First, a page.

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Hang It Dang It Wall Quilt Hanger

A reader asks...

Has anyone heard of the Hang It Dang It Quilt Hanger?

This looks like a really easy way to hang a quilt.

Has anyone tried it?

Julie replies...

If you've hung quilts with this system, please do rate and comment on the Hang It Dang It wall quilt hanger system. Since I have not used it, I did a little research.

This quilt hanging system is advertised as a "one nail/self-leveling" wall quilt hanger.

It comes in three sizes for quilts from 21" to 35", from 35" to 63" and from 63" to 104".
Hang It Dang It Quilt Hanger

To hang your quilt, you'll need:

  • A finished quilt with a standard quilt sleeve sewn to the back at the top, the sleeve can be continuous, no need to split the sleeve in half to leave a gap
  • Hammer and nail
  • Ladder or step stool if you need to reach a higher spot on your wall
  • Straight pin

Quilt Hanging Instructions

Just follow these easy steps (or skip to the Hang It Dang It instructional video.)
  1. Find the center of your quilt, mark it with a straight pin on the back of your quilt.

  2. Match the center of the hanging rod (there's a line) to the center of the sleeve.

  3. Pull the ends out on the rod until they are even with the edge of the quilt sleeve on both sides.

  4. Give each end of the rod a slight twist to lock it in place. (You don't want your rod changing size on you when you're in the middle of hanging.)

  5. Now slide the Hang It Dang It rod into your fabric hanging sleeve, aligning the rods ends with the edges of the sleeve.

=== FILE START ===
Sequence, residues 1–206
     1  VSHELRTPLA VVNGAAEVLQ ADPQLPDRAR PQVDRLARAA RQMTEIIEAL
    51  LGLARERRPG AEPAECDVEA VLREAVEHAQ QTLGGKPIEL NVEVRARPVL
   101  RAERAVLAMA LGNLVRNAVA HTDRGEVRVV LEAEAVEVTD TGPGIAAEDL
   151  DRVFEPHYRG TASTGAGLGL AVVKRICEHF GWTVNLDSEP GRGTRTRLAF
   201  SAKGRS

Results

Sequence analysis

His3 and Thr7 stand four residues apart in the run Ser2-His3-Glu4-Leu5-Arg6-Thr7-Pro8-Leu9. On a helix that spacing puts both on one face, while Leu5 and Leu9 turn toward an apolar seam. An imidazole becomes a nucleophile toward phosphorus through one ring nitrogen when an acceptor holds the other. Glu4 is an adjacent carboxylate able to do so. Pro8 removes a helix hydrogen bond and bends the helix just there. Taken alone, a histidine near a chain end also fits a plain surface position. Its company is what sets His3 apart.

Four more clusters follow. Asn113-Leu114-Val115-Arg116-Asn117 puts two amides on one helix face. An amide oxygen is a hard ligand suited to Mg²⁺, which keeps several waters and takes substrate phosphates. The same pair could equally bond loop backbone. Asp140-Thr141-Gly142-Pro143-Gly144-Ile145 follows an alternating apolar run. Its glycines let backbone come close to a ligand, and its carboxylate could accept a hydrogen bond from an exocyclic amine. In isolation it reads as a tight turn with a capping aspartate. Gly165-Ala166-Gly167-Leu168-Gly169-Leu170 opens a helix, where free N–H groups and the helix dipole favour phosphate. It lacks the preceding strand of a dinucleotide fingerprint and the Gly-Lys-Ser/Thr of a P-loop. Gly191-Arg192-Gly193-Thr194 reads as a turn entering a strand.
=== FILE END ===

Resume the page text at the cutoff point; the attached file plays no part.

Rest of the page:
Make sure the rod is positioned at the top of the sleeve.

  6. Take your hanger bracket, match it to the center of your quilt sleeve where it's marked.

  7. Snap it into place with both hands. Your quilt is ready to hang on the wall.

  8. Determine where you'd like your quilt to hang on the wall and hammer in a nail.

  9. Hang your quilt on the nail. Because the quilt is centered on the rod and hangs from just one point (the nail) it should hang perfectly straight. You can "scoot" the quilt a bit to one side or the other if needed.


Comments for Hang It Dang It Wall Quilt Hanger

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Aug 28, 2019
Great hanger
by: Anonymous

I’ve used small and medium sizes. Needed help with medium size but have 4 panels on it. One wallhanging has more embellishment and stitching on one side. When it wouldn’t hang evenly, I stitched a small washer to back, evening the weight. I like concealed hangers and this is best I’ve found.

From the Editor:

Thank you for sharing your experience! And tweeks!


Julie Baird

Aug 27, 2014
Wouldn't Hang a Quilt Any Other Way
by: Cheryl



But given the significant investment of time and resources to make each quilt, well worth it.

It's so easy and works wonderfully, without husband types getting weirded out about excessive holes in the wall. I use them for every quilt I hang in my house and include them along with wall hanging quilts that I give as gifts.

From the Editor: I hear ya, Cheryl! Especially about the weirded-out husbands...allergic to nail holes!

~ Julie :)

Mar 22, 2014
Agree with another poster - there's got to be a cheaper way...
by: Anonymous

I think I'll try the 2 x ??" wood slats from Lowes. I'll probably make mine about 6" longer than the width of the quilt, though, because my sleeves end at the binding. There are plenty of cute wooden shapes you can pick up at the craft stores. Stain or paint the wood and glue on the shapes at the end to cover the nail holes. A little more work, but should look great IMO. Still far less than $40-50 for a hanger!